• In severe AS, spinal fusion can occur and other body parts can be affected.
  • Therapies and medications can help you manage symptoms.
  • Treatments to reduce your immune response can help prevent further damage.

Ankylosing spondylitis (AS) is a progressive, inflammatory form of arthritis that affects the spine and other joints. Not everyone with AS will experience the exact same symptoms or have identical joint pain. Progression of the condition varies from person to person, too.

Some people have mild cases that are relatively easy to manage. Other people, with more severe cases of arthritic inflammation, may experience complications.

In severe or late stage AS, pain and inflammation can cause serious damage in your body. People with AS often feel this in the spine first, where pain and stiffness worsen as the spine becomes less flexible.

It can take an average of 4 to 9 years to get a proper diagnosis and start treatment for AS, according to a 2006 research review.

Sometimes, there’s already joint damage by the time a diagnosis is made. In late stage AS, ongoing inflammation in the spine can cause joints to fuse together.

Healthcare professionals can see structural damage from ongoing inflammation in X-rays, according to 2018 research. They often use these images to make a diagnosis.

At this stage, other parts of the body may also have damage. Even with severe AS, though, treatment can help control your symptoms and prevent further progression of the condition.

Keep reading to learn more about how you can manage severe AS and its complications.

In severe AS, inflammation affects your whole body. Over time, damage from this inflammation causes the vertebrae in the spine to fuse. This causes back pain to worsen and impacts mobility and flexibility.

Some of the signs and symptoms of severe AS include:

  • persistent back pain, especially in the lower back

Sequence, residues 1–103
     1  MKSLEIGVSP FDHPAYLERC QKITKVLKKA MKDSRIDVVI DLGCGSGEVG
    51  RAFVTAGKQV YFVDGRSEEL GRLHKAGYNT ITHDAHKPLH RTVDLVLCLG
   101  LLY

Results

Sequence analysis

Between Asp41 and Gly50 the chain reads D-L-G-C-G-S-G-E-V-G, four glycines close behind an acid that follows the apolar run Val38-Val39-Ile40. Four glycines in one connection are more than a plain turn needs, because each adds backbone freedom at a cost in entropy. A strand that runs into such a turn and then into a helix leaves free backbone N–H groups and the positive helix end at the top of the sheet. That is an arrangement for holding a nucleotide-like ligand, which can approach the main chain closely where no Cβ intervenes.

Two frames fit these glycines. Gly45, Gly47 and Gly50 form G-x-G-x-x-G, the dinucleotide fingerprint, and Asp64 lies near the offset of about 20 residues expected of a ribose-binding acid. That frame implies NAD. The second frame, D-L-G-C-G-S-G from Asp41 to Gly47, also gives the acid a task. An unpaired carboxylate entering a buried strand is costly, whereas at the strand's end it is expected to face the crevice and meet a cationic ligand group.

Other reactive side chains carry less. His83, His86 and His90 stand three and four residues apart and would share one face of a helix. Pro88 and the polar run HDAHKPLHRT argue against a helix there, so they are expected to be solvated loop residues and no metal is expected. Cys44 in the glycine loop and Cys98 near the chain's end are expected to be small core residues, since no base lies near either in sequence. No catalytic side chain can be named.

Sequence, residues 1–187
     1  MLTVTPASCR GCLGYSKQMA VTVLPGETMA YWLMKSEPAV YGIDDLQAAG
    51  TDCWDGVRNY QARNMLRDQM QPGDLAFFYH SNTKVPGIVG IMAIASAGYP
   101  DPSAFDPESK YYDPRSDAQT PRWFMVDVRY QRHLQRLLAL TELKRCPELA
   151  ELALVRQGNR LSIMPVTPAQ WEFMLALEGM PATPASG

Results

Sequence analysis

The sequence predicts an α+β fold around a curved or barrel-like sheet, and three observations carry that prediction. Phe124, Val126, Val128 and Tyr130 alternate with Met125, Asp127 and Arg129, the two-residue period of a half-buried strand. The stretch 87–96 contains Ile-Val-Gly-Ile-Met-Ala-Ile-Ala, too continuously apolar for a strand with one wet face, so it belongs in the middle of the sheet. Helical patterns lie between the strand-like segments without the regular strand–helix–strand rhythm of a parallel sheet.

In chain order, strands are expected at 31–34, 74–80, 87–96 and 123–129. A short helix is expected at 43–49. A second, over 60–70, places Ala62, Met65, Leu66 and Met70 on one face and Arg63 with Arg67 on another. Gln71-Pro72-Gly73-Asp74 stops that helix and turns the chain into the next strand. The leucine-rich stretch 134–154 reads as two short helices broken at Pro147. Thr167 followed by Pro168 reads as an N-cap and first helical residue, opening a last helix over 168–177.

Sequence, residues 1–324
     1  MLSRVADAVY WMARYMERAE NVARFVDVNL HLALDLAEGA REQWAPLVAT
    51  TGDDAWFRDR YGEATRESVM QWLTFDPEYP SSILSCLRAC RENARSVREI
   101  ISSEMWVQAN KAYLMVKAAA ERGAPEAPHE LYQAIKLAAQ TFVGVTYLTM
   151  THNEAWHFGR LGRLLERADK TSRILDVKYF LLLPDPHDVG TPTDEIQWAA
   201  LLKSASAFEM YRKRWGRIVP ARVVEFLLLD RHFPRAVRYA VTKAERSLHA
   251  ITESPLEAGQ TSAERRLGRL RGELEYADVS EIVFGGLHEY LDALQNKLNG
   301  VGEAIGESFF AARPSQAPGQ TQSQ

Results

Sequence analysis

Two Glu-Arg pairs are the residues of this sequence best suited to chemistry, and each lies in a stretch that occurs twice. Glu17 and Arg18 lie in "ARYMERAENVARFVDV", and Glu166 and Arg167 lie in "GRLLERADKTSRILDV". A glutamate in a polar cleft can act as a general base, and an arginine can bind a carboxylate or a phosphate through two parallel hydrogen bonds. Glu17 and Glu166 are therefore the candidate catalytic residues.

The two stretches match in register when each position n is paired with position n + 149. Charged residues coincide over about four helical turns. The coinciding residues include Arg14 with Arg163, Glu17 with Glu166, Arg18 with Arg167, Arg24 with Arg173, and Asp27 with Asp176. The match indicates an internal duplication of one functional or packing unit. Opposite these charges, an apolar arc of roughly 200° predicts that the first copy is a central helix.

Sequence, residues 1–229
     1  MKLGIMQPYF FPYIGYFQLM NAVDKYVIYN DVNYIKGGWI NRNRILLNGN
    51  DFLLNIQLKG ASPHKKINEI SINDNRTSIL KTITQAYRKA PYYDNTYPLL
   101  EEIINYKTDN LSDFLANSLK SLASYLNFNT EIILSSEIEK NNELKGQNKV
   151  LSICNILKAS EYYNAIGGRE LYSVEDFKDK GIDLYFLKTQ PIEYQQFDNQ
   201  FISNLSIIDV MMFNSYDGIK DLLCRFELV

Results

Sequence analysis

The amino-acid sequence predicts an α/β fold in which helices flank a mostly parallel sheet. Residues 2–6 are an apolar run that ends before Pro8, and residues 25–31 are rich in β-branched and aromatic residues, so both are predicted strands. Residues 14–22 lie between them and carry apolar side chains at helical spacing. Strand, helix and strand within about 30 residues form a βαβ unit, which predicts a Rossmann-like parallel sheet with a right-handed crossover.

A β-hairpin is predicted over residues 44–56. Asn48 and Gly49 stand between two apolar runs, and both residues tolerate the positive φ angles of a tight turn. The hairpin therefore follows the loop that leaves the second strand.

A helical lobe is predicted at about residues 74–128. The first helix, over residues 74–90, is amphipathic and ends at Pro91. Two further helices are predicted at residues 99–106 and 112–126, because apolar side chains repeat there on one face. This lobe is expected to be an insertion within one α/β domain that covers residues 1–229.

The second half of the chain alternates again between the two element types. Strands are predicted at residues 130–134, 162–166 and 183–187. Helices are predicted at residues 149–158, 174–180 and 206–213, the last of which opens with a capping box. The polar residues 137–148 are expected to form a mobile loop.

• loss of flexibility and movement in the spine
  • changes in the structure of the spine, seen in X-rays
  • spinal fractures, also seen in X-rays
  • feelings of chest tightness

Not all people with severe AS will experience every possible complication. Complications directly related to the spine are most likely to occur.

The immune response that targets the spine in AS can also harm other parts of the body. Some people with AS have symptoms that affect their lungs, heart, eyes, and digestive system.

Bamboo spine

Your spine is made up of several bones called vertebrae. Normally the vertebrae can support a wide range of movement.

In severe AS, the joints connecting the vertebrae are damaged. As they try to heal from the inflammation, extra bone starts to grow. This extra bone causes the vertebrae to fuse together.

When this happens, it greatly impacts your spine. It can no longer move, bend, and twist as it typically does.

X-rays show that a spine damaged by AS looks like a stalk of bamboo, according to 2019 research, which is where the term “bamboo spine” comes from.

You can do physical therapy and take anti-inflammatory medications to help manage bamboo spine.

Increase in pain

People with AS will experience different levels of pain. In severe AS, when the spine is no longer flexible, pain tends to be greater.

This is because your spine can’t support the rest of the body as it typically would, which puts greater pressure on other joints. People with bamboo spine may feel more pain in their shoulders and hips as their body tries to adjust for spinal changes.


Osteoporosis is when bones become weak and more likely to break.

People with severe AS have greater chances of also having osteoporosis. The extra bone that grows and fuses the spine makes the spine brittle, with greater chance of breakage.

If you have AS, you should be screened for osteoporosis within 10 years of diagnosis. Your doctor may recommend several strategies to improve bone health, such as:

  • dietary changes
  • supplements
  • exercise

They may also suggest medications that work to reduce further bone loss.

Lung complications

When the spine fuses together, it can affect breathing and lung function. The chest wall becomes more rigid, making it harder to take deep breaths. This causes chest pain and tightness.

Bamboo spine can also increase the risk of lung complications, according to a 2013 case study. These may include:

  • lung infection
  • spontaneous pneumothorax, when air escapes from a lung, causing it to collapse
  • pulmonary fibrosis, when tissue in the lung becomes damaged and scar tissue builds up, making it more difficult to breathe